Have students compile information from the website and create a world map showing the relative locations of the appearance of agricultural communities and “civilization.”

Students should note the relative location of the emergence of civilizations in Mesopotamia, Egypt, the Indus Valley, China, South America, and Africa.

Check for Understanding = Formative Assessment
  • Why did human civilizations appear on different continents at different times?
  • Go back to the diagram you constructed in Lesson 2, Strategy 1. How is the diagram different from or similar to what you now think about what makes a "civilization?" Explain your answer with specific examples.

Strategy 3

Extending and Refining: Historical Research and Graphic Organizers

Have students work in small groups to research and examine pictures, artifacts, and related text that illustrate the cultures of an early complex society.

Some of the ancient civilizations which students might research include: North China Plain (Chinese); Indus and Ganges (Indian/Hindu); Mesopotamia (Egyptian, Indo-European); Greece, Rome, Saudi Arabia (Islam), Inland West Africa; Highland/Lowland Guatemala (Mayan); Valley of Mexico (Aztec); and Peru (Inca). Each student should individually complete a graphic organizer (sample below) based on his/her own research. Although students should accept responsibility for their own research, the following websites might be a good starting point. Teachers may choose to supply other curricular resources, e.g. textbooks, for students to use.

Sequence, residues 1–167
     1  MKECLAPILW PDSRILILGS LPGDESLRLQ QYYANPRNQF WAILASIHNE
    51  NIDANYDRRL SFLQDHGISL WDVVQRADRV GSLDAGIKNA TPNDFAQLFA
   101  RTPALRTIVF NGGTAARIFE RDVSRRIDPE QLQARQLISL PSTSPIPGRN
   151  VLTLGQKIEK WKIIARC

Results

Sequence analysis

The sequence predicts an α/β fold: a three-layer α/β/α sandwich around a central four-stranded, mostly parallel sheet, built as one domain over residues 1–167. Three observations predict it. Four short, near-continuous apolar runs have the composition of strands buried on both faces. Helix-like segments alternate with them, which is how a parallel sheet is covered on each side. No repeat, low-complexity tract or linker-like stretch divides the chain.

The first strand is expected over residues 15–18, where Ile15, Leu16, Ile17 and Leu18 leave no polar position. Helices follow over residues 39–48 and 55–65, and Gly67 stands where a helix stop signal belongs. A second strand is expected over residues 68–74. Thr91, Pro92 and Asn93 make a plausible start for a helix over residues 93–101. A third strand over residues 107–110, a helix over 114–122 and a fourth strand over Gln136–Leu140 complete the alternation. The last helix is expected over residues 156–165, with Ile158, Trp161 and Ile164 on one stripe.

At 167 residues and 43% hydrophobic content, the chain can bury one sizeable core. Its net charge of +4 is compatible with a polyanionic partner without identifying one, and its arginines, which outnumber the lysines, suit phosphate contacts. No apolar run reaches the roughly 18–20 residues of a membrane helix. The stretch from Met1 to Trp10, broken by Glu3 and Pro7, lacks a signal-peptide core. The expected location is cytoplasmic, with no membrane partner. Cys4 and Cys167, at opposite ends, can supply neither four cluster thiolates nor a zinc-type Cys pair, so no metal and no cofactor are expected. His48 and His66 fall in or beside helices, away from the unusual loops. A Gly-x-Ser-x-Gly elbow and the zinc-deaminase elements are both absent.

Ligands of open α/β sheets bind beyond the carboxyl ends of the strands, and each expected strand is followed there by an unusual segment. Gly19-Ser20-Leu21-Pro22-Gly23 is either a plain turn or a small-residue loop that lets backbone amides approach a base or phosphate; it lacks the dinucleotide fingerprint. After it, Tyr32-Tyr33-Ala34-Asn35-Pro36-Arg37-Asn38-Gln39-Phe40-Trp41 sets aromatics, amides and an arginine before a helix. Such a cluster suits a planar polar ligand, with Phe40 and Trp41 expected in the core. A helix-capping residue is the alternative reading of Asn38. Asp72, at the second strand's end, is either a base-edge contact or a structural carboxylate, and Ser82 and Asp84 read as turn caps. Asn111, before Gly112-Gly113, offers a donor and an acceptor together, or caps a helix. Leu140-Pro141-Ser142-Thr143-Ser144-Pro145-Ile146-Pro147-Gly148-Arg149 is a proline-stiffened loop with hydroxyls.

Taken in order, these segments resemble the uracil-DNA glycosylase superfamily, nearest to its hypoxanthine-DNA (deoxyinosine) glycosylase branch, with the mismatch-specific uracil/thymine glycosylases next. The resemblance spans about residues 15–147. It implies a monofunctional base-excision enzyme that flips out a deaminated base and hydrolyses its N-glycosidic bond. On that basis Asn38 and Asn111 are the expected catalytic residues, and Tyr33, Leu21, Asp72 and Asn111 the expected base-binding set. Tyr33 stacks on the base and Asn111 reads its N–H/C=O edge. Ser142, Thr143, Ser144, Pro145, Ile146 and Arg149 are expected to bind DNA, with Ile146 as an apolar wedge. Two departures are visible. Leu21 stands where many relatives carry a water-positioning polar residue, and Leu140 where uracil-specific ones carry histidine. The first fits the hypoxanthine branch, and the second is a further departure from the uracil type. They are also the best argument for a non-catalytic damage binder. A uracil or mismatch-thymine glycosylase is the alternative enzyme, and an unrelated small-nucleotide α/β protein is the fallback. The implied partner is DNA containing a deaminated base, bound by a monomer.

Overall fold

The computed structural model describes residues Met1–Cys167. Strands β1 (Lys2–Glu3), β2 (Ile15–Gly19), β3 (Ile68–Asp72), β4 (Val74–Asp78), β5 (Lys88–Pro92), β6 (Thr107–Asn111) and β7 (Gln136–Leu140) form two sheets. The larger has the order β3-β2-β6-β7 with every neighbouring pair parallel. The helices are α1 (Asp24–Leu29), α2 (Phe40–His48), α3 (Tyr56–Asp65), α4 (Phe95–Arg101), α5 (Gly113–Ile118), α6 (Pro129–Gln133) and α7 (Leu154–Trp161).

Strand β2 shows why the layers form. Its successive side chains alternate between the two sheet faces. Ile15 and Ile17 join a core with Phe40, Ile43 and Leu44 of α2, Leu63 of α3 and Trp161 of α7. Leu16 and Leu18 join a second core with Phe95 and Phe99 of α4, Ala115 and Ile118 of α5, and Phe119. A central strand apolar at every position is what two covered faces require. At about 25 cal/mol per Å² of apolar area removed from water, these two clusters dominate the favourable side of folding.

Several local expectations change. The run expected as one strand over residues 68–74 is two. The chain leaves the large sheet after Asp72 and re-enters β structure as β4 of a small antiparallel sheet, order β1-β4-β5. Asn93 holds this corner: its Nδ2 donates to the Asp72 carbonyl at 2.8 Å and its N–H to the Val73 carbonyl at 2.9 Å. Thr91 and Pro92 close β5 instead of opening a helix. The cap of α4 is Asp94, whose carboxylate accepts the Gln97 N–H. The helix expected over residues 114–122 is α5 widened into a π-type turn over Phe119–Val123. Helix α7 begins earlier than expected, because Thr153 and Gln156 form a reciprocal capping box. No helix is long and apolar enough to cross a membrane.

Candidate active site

Students should use a graphic organizer to help take notes on their research. Tell students that the research will be used for a presentation and to compare the civilizations. Teachers should select an appropriate organizer for their students or use the organizer below.

Printable Student View

Check for Understanding = Formative Assessment

  • Have students complete the graphic organizer in the printable view to compare two civilizations.

Strategy 4

Extending and Refining: Discussion Web

Students will participate in a discussion web in which they will relate the unique features of the culture they studied.

How to conduct a discussion web:

The questions for the discussion web are: After the student groups initially participate in the discussion web, the teacher should ask students to find similarities within the unique cultures. Ask Which characteristics of a complex society might have allowed the culture to influence other places? Answers might include: trade, writing, government conquest in war. Students will refer back to their chart during teacher led discussions.

Check for Understanding = Formative Assessment
  • How could an ancient civilization influence the culture of other places? Support your answer with a historical example.

Strategy 5

Application: Cooperative Learning

Have students work cooperatively in groups of 2-3 in order to respond to this question: Direct students to the text below, linked to a Smithsonian Institution webpage at the National Museum of Natural History.

The art of Arabic writing has long been associated with Islamic art and calligraphy. There were special schools that taught Arabic calligraphy. Arabic calligraphy is unique in the world due to its complexity and beauty, allowing for a great range of artistic creativity.

Archeologists and historians depend heavily on the study of writings found on rocks, inscribed building stones or markers, and on the rock faces of hillsides. Such inscriptions provide valuable insight into the history, culture and social values of the early Islamic period.

Check for Understanding = Formative Assessment